• Iron Woobie: The dragon race as a whole. They swore to protect and guide humanity, yet they would get persecuted, hunted, and driven to near-extinction. Despite this, they kept their oath, down to the last dragon.
  • Jerkass Woobie: The novel version of Felton. The guy's a complete jerk, but such a ridiculous amount of bad stuff happens to him (from embarrassment to losing limbs... see Butt-Monkey on the main page for a full list) that you pity him and want to hug him.
  • Just Here for Godzilla: Fairly everyone agrees that the dragon voiced by Sean Connery is the best thing about this film, that or the soundtrack.
  • Moral Event Horizon: Einon crosses it either when he casually murders Kara's father For the Evulz, or when he kills his mother when she tries to fulfill Draco's request to kill him so that Einon can die.
  • Sequelitis: People generally consider the sequels and prequels nowhere near as good as the first film. The first prequel, Dragonheart 3: The Sorcerer's Curse, got mixed reviews but is often considered better than Dragonheart: A New Beginning.
  • Signature Scene: The scene where Bowen on his horse is framed against the sun, and Draco flies into frame over him. Most posters and home video covers used this image.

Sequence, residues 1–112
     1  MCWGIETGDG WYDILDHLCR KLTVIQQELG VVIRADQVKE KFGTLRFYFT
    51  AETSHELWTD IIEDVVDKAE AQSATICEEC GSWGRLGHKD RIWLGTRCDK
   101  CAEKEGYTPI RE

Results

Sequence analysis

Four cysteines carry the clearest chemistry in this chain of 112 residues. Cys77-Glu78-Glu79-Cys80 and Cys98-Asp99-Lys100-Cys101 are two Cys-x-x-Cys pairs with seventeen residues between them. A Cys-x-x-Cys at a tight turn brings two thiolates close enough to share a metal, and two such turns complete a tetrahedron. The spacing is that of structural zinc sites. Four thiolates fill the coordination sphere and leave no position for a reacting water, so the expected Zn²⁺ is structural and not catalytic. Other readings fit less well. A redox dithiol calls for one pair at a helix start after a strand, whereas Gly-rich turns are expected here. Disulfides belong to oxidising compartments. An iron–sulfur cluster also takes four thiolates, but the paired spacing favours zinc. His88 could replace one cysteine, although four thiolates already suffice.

• Special Effects Failure:
    • While Draco is a well-animated/rendered CG character for the time, the lighting on him looks off in some scenes. However, this wasn't unusual for 1990s digital creatures, as daytime shots, which this film has a lot of, were especially difficult to pull off with the era's technology.
    • While Draco escapes after he and Bowen trick Felton, he manages to swim quickly underwater without creating any turbulent flow on the water's surface.
    • When flying near Bowen in the next scene, Draco flapping his wings doesn't affect the wheat.
    • The sequel falls under this trope too, which is especially strange given that the company hired for it (not ILM) also did the X-Ray scene in the original Total Recall, one of the most groundbreaking moments in visual effects history.
  • The Problem with Licensed Games: Regarding the Playstation and Saturn game...oh yeah. Adding an unnecessary and frustrating stamina system, uninteresting combat, meh graphics, poor use of Draco (reducing him to little more than a screen-clearing smart bomb)... It's from Acclaim, are you shocked?
    • No Problem with Licensed Games: On the other hand, the little-remembered Gameboy game is actually playable, playing like a sort of first-person adventure game with very little actual emphasis on combat (all combats only happen at scripted points) and being more about exploration and story, almost like a western-made visual novel. It's hardly a classic, but it's not downright terrible like the more well-known Playstation/Saturn game is.
  • Visual Effects of Awesome:
    • Draco still holds up fairly well even today.
    • The prequels' visual effects are good for DTV and straight-to-streaming releases.

Music Examples

  • Epic Riff: So many, though "Battlefield Requiem" and "The Blacksmith" stand out.
  • Face of the Band: Marco Caporasso is probably the most recognizable of the group.
  • Narm Charm: Anything Marco Caporasso sings.